The panelists got right down to business, discussing the future of the industry and the role of new media in book publishing. Ebooks were brought up in three of four panels I attended that Saturday. Judy Blume said reading is reading is reading, but she doesn’t ever want to see the day where we can’t browse; Libba Bray similarly said anything that allows you to read is a good thing, and that she reads both e- and physical books; Gibson said any publisher that doesn’t embrace new media is leaving something major on the table.

Byliner offers e-stories by notable authors that can be read in a single sitting. Tayman said the company is approaching one million copies sold. Byliner is still in beta.

Although the publishers on the panel embrace new media, they added that the ebook and the pbook must coexist.

Weil brought up the endangered independent bookstore and Brown noted that physical bookstores are a major source of book discovery.

As a literary agent, Amster discussed changes in the publishing industry from a different angle. She said her work hasn’t changed, but that there is an increased emphasis on authors as a marketing force.

When Amy Tan was concerned her audience would wane during the wait for her next book, she used a 15,000-word Byliner story to maintain visibility, Tayman said. The story ended up a bestseller.

Writers have to build an audience even before they’re published. Weil said he gravitates to writers who know how to market themselves.

The competitive nature of the industry really hit me when Gibson mentioned that three million manuscripts are written every year.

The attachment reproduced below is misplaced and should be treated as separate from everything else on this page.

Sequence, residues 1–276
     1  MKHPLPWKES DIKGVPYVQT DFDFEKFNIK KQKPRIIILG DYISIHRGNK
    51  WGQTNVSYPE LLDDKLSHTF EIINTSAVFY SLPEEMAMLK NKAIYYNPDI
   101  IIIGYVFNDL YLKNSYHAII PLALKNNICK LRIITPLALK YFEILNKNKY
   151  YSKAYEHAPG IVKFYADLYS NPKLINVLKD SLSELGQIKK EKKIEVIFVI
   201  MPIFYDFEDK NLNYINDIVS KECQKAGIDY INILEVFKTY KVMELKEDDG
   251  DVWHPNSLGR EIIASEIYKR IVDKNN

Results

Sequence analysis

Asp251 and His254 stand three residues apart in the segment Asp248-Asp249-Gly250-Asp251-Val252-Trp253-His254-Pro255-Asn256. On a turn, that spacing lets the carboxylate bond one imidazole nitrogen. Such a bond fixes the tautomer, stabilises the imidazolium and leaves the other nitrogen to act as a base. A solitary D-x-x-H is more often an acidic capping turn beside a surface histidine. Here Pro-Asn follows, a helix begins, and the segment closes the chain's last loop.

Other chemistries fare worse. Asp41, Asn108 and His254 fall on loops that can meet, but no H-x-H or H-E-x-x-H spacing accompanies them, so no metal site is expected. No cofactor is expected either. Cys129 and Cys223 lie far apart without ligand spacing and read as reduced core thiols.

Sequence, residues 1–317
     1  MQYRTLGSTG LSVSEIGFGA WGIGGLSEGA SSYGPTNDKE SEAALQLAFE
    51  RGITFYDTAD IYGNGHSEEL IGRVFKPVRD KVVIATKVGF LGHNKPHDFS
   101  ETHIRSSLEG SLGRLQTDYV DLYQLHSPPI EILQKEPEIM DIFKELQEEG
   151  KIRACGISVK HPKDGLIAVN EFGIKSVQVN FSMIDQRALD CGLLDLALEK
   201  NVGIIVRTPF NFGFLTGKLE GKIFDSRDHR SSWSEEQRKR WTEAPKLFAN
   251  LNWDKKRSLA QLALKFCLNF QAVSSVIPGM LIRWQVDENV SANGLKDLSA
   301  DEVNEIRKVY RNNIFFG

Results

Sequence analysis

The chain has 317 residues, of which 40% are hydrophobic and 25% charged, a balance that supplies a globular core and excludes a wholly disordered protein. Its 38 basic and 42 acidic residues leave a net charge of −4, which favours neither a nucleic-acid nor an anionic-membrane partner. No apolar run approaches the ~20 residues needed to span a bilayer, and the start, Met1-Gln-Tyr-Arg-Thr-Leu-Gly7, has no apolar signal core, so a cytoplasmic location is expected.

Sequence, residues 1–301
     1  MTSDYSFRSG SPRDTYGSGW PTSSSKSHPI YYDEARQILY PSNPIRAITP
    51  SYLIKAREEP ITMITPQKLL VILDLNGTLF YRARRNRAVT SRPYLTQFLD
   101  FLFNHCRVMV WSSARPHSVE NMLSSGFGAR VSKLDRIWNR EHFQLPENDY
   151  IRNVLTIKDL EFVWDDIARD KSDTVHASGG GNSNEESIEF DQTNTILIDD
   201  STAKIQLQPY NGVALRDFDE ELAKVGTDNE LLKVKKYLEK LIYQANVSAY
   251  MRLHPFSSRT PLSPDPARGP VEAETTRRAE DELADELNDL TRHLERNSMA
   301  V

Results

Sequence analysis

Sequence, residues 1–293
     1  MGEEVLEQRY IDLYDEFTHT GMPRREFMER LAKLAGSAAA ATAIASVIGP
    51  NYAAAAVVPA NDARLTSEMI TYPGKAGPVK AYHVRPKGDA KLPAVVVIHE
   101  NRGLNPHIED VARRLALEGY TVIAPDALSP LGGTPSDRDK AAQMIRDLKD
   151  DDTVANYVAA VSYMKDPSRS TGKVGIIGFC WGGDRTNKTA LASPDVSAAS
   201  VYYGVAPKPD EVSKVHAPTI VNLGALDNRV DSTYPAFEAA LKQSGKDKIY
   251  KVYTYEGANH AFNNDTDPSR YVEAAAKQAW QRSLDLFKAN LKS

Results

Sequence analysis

And, even more important than a talent for self-marketing, the best way to stand out from the crowd is to be a great writer, of course.

“If I see a great writer,” Gibson said, “I don’t care if you have 2,500 tweeters.”

They provided a few quick key points to keep in mind when writing:

  • Be in control of your material (pacing is a big part of that; avoid throat-clearing)
  • Show, don’t tell
  • Individuate your characters

They also stressed reading to improve as a writer. “The best writers are people who read all the time,” Weil said, adding that the books you love can be powerful research tools for finding your audience and a list of potential publishers and agents.

As for submitting your manuscript, they said it’s important to write a good cover letter that reflects knowledge of the agent or publisher and submit a manuscript that is as polished as possible.

So get to polishing that manuscript, or flying through that stack of books on your desk; sign up for a Twitter account if you don’t have one; keep writing that blog and improving your craft. Gift the world with your story.

I hope these panel recaps provided that little kick of inspiration we writers need every now and then. So much of our work requires isolation, but I like the idea that we’re all part of a great community; that we encourage each other and share insights. That feeling of community was what I took away from the L.A. Times Festival of Books.